header
  MetSoc Home            Publications            Contacts  
Search the Meteoritical Bulletin Database
Last update: 14 Oct 2020
Search for: Search type: Search limits: Display: Publication:
Names
Text help
Places
Classes
Years
Contains
Starts with
Exact
Sounds like
NonAntarctic
Falls  Non-NWAs
What's new
  in the last:
Include past classifications in search
Limit to approved meteorite names
Search text:  
Allan Hills 84120
Basic information Name: Allan Hills 84120
     This is an OFFICIAL meteorite name.
Abbreviation: ALH 84120
Observed fall: No
Year found: 1984
Country: Antarctica [Collected by US Antarctic Search for Meteorites program (ANSMET)]
Mass:help 129 g
Classification
  history:
Antarctic Meteorite Newsletter:  AMN 10(1)  (1987)  L3
Meteoritical Bulletin:  MB 76  (1994)  L3.8
NHM Catalogue:  5th Edition  (2000)  L3.8
MetBase:  v. 7.1  (2006)  L3.8
Recommended:  L3.8    [explanation]

This is 1 of 68 approved meteorites classified as L3.8.   [show all]
Search for other: L chondrites, L chondrites (type 3), Ordinary chondrites, and Ordinary chondrites (type 3)
Writeuphelp
Writeup from AMN 10(1):

Sample No.: ALH84120

Location: Allan Hills

Weight (g): 129.0

Field No.: 1545

Dimensions (cm): 4x4.5x3

Meteorite Type: L3 Chondrite

 

Macroscopic Description: Roberta Score

Thirty percent of ALH84120 is covered with fusion crust. Areas devoid of fusion crust have a brownish-gray color. The interior of this unequilibrated chondrite is medium-gray in color and contains numerous light and dark gray rounded and irregular shaped inclusions. Oxidation is light and mainly appears as haloes around metal grains.

 

Thin Section (,3) Description: Brian Mason

The section shows an aggregate of chondrules (0.3-1.8 mm across) and chondrule fragments in a fine-grained matrix of olivine and pyroxene with minor amounts of nickel-iron and troilite. A variety of chondrule types is present; a barred chondrule has transparent pale brown glass between the olivine bars. Most of the pyroxene is polysynthetically twinned clinobronzite. Minor weathering is indicated by brown limonitic staining around metal grains. Microprobe analyses show most olivine of fairly uniform composition, averaging Fa22, but with a few more magnesian grains (CV FeO is 8). Pyroxene composition is more variable, Fs6-21. The meteorite is classified as an L3 chondrite, probably L3.8-3.9.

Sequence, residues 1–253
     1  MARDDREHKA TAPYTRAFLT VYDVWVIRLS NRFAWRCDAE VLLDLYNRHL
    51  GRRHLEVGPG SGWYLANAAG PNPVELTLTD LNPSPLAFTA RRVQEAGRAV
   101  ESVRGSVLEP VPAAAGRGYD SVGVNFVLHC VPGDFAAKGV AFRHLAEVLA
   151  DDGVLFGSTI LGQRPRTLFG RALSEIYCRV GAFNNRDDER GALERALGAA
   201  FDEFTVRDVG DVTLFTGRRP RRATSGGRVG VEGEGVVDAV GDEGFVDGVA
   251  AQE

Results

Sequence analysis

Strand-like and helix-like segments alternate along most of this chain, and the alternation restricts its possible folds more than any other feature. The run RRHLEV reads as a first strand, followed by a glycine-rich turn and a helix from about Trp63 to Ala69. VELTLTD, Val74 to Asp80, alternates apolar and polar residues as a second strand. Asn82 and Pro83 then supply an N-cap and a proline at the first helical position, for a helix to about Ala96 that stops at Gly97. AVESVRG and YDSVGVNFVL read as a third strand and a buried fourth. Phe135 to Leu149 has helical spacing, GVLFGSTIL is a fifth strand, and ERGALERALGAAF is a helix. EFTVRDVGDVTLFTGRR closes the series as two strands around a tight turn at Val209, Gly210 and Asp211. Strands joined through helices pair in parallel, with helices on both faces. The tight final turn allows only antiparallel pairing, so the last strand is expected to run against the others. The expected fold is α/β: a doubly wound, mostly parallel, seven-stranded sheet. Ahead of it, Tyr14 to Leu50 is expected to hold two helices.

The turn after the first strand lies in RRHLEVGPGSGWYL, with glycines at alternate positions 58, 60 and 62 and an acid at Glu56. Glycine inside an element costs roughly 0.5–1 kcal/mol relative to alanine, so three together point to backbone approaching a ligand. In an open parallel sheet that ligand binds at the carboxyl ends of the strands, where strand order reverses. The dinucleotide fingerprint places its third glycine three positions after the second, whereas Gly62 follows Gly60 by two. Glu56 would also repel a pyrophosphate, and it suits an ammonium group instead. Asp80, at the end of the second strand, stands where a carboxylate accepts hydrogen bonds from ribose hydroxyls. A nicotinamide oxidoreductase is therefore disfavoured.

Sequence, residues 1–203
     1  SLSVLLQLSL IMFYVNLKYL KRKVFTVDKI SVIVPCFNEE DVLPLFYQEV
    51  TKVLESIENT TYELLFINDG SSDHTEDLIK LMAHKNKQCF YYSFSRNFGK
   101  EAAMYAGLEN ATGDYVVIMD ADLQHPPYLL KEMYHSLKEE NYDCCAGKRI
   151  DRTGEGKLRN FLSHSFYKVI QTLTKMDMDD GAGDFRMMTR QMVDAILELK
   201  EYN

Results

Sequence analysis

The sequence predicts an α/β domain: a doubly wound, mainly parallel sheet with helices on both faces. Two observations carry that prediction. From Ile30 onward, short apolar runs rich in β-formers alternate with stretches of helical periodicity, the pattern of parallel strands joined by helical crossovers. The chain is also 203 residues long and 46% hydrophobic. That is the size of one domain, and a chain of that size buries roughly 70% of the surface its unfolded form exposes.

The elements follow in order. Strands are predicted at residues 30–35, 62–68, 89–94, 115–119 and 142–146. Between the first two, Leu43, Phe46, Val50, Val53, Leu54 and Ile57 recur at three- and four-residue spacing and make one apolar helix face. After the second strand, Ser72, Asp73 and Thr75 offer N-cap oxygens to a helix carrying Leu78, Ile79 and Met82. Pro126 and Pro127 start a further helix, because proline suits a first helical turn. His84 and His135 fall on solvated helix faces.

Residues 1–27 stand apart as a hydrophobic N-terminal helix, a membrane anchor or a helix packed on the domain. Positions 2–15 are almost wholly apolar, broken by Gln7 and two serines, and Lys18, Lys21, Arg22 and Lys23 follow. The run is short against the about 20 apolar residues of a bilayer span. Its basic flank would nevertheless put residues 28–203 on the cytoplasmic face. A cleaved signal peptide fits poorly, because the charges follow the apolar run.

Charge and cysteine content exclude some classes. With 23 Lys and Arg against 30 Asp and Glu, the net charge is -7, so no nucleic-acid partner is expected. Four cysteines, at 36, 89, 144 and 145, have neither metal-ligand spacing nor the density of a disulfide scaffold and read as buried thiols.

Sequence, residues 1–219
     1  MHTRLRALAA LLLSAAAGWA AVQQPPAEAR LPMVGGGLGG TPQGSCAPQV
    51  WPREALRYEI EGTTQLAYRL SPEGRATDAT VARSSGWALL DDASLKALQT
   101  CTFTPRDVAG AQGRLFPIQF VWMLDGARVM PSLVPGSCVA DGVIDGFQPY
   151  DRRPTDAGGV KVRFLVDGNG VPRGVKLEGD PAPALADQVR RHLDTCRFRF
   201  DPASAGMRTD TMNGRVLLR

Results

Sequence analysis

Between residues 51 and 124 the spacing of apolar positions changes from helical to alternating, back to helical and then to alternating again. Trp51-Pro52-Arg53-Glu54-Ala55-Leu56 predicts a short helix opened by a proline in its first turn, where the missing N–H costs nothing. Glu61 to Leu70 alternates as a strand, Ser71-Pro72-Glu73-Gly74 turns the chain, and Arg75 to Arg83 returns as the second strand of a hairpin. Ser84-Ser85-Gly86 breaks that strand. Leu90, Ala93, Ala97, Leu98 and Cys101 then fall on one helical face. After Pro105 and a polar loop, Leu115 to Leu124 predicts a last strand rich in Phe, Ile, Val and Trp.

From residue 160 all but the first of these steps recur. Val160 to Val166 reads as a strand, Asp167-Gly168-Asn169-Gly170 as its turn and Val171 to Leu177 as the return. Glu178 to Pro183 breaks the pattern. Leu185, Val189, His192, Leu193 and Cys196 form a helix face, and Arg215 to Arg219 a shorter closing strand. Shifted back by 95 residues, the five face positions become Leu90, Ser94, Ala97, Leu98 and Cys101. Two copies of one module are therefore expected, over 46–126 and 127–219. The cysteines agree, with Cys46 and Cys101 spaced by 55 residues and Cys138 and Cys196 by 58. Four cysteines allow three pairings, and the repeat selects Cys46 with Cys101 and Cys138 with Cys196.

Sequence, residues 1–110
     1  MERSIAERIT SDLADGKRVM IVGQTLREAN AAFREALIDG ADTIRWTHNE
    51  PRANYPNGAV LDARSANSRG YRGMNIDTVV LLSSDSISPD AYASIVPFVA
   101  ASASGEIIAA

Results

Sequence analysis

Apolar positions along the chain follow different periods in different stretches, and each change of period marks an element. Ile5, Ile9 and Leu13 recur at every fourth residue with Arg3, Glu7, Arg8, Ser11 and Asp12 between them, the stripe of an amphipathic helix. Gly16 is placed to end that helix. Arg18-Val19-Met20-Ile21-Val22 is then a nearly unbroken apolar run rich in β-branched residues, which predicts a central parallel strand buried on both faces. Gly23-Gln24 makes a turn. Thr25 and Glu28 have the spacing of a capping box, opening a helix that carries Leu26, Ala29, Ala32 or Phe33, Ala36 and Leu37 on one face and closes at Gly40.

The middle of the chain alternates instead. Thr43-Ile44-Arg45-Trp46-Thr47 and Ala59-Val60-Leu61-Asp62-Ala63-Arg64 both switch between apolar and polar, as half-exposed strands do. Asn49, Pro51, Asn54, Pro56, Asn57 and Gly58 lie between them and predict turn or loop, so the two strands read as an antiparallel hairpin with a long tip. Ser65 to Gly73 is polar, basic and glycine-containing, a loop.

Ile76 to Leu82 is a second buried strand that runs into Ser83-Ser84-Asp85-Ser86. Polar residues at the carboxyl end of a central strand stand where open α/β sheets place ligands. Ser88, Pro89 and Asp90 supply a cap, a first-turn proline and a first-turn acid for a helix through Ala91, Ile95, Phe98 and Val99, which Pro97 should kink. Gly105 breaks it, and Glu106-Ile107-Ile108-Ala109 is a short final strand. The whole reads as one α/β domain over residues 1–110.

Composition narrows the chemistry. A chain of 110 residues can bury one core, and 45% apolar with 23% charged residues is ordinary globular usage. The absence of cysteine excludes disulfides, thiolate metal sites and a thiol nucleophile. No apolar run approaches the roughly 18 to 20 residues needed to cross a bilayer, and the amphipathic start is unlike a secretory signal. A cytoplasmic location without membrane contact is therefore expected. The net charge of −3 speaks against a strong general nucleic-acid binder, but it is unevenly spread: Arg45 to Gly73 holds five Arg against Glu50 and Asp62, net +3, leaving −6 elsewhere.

Data from:
  MB76
  Table 2
  Line 1085:
Origin or pseudonym:Far Western
Mass (g):129
Class:L3.8
Weathering grade:A/B
Fayalite (mol%):22
Ferrosilite (mol%):6-21
Comments:26Al=69±6
Catalogs:
Search for specimens in the Smithsonian Institution collection (U.S.):   
    Require SI photo
Search for this meteorite in the NASA/JSC database (U.S.):   
References: Published in Antarctic Meteorite Newsletter 10(1) (1987), JSC, Houston
Published in Meteoritical Bulletin, no. 76, Meteoritics 29, 100-143 (1994)
Find references in NASA ADS:
Find references in Google Scholar:
Geography:

Antarctica
Coordinates:
     Catalogue of Meteorites:   (76° 43'S, 159° 40'E)
     Recommended::   (76° 54' 18"S, 156° 56' 25"E)
Note: the NHM and MetBase coordinates are 72.6 km apart

Statistics:
     This is 1 of 40129 approved meteorites from Antarctica (plus 4494 unapproved names)
Proximity search:
Find nearby meteorites: enter search radius (km):

Direct link to this page